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 Post subject: Calculation of Max Incident Energy - is a study required?
PostPosted: Wed Jul 08, 2015 10:34 am 
Sparks Level

Joined: Fri Apr 15, 2011 7:43 am
Posts: 177
Location: Colorado
In the paper "Impact of Available Fault Current Variation on Arc-Flash Calculations" presented in the PCIC the authors discussed the maximum incident energy (IE) may not occur at the calculated arcing current or at 85% of the arcing current. Instead the maximum IE occurs some place where the 2 second rule and overcurrent protection curve meet or somewhere else (see fig 5 of the paper).

It seems to me the maximum IE may be determined without going through an arc flash/short circuit study. This can be calculated by determining the worst case IE for a protective device. This is especially true when utility data is unknown or estimated.

What is needed is the Time-current curve, system voltage, bus gap, the enclosure type, and grounding. From this the worst-case IE can be determined.

Thoughts?

Paper can be found here ~ http://www.eatoncorp.com.au/ecm/idcplg% ... PCT_372889


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 Post subject: Re: Calculation of Max Incident Energy - is a study required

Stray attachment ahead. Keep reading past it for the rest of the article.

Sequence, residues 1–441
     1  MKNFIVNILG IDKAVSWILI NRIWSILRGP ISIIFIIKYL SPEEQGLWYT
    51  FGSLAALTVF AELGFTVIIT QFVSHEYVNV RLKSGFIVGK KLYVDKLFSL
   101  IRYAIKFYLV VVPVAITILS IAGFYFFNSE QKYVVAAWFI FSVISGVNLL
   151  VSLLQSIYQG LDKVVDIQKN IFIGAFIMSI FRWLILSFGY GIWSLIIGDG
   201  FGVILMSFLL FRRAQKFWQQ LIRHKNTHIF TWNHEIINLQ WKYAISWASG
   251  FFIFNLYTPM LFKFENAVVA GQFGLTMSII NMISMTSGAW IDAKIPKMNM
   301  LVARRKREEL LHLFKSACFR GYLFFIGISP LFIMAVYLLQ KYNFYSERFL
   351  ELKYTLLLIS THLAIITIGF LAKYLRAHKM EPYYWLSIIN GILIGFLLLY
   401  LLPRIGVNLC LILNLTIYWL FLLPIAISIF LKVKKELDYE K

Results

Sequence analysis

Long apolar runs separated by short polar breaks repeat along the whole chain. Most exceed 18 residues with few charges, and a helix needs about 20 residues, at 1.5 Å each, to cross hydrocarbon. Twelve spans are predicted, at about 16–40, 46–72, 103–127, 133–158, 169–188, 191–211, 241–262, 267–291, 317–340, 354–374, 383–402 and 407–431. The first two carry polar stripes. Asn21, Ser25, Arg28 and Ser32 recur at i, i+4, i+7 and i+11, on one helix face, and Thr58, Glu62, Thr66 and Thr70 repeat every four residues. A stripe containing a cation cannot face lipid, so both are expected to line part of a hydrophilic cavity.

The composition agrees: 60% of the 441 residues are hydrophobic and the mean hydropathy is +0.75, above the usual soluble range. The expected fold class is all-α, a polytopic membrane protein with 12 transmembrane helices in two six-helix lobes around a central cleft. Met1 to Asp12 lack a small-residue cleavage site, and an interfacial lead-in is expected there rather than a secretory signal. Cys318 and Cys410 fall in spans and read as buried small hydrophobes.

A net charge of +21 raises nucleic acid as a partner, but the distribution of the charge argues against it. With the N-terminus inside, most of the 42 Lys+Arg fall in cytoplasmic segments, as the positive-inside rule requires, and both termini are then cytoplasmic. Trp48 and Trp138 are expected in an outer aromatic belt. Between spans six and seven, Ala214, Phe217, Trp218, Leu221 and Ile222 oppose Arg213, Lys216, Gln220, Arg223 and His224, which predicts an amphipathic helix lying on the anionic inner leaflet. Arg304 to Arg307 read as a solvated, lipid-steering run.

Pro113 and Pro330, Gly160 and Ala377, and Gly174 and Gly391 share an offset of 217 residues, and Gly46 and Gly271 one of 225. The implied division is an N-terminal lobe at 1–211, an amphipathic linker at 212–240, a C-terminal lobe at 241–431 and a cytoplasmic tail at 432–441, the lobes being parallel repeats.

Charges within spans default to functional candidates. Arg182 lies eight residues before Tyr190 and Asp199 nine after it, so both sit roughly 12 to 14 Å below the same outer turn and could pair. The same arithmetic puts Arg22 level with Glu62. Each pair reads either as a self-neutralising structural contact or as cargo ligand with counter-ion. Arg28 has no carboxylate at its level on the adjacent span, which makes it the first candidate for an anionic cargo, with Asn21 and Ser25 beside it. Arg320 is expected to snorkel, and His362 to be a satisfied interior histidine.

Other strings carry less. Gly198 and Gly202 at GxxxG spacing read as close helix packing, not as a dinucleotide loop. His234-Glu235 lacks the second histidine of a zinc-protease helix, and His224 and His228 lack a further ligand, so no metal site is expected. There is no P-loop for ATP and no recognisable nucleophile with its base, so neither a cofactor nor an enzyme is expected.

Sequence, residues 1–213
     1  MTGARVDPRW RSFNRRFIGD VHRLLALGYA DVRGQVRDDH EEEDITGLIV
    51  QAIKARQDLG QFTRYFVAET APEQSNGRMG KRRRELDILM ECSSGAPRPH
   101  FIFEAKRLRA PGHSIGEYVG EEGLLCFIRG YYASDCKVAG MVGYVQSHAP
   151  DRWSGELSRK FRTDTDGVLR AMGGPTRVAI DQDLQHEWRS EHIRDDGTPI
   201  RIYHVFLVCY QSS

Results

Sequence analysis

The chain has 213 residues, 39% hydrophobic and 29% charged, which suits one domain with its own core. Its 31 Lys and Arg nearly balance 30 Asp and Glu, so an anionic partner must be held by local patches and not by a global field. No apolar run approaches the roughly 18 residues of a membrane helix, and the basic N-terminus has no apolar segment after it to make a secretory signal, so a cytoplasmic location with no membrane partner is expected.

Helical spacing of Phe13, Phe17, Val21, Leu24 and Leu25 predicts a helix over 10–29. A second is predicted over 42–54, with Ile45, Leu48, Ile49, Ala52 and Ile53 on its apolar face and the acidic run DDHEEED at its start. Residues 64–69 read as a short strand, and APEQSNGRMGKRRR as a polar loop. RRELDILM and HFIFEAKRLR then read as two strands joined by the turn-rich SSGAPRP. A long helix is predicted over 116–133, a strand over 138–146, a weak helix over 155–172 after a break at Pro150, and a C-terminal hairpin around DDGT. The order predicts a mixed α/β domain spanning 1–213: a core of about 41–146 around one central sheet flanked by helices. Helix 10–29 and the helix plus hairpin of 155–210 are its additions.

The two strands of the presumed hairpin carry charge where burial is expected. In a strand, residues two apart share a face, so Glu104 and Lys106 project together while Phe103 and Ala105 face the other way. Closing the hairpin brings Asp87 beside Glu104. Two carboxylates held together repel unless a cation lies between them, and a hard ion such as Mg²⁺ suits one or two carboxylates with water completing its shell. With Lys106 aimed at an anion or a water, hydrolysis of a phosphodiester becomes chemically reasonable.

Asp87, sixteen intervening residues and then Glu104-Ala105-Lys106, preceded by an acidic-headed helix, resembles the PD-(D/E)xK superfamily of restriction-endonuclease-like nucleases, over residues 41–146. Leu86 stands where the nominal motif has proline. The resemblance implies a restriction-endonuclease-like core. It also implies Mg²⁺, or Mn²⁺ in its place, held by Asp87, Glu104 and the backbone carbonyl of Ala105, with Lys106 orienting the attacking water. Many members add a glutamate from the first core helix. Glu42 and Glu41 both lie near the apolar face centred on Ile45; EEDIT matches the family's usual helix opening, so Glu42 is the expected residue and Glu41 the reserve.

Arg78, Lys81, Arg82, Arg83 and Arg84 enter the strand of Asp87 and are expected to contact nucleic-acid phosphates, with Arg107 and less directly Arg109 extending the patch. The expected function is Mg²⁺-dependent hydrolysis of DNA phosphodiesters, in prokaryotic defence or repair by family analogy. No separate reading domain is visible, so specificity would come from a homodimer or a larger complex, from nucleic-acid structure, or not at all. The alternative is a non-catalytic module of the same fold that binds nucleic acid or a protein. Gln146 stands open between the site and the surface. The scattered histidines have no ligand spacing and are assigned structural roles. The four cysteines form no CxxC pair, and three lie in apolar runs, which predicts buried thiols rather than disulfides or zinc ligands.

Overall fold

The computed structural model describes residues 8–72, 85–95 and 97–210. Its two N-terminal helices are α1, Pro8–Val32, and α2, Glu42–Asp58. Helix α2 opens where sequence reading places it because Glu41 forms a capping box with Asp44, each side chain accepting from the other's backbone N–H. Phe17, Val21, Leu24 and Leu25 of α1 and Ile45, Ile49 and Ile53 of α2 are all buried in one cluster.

PostPosted: Fri Jul 10, 2015 12:02 pm 
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Joined: Tue Oct 26, 2010 9:08 am
Posts: 2174
Location: North Carolina
The CONCEPT has merit. There are 3 points to be concerned with. Don't lose track of any of the 3:

1. The TCC at 2 seconds, as mentioned, or whatever the maximum simulation time is. At this point arcing time is fixed (though somewhat artificially). Due to the shape of the TCC, although heat flux decreases, the increase in arcing time increases faster causing the incident energy to increase, until it reaches the maximum simulation time (usually 2 seconds).
2. The current at the fastest possible opening time matters because no matter how high the current gets (up to the AIC), again arcing time is fixed but incident energy is not.
3. The actual estimated bolted fault/arcing fault (85% rule again) which is usually lower than either of the previous two extremes.

In practice this provides a road map for mitigation:
1. If the breaker does not trip at maximum speed during arcing conditions, decreasing settings and/or turning on instantaneous reduces incident energy. If the arcing current is already triggering an instantaneous trip, then adjusting breaker settings is fruitless.
2. Reductions in arcing current result in increased incident energy until the trip time exceeds simulation time (generally 2 seconds). This gives rise to the examples where current limiting fuses result in higher arc flash than circuit breakers.


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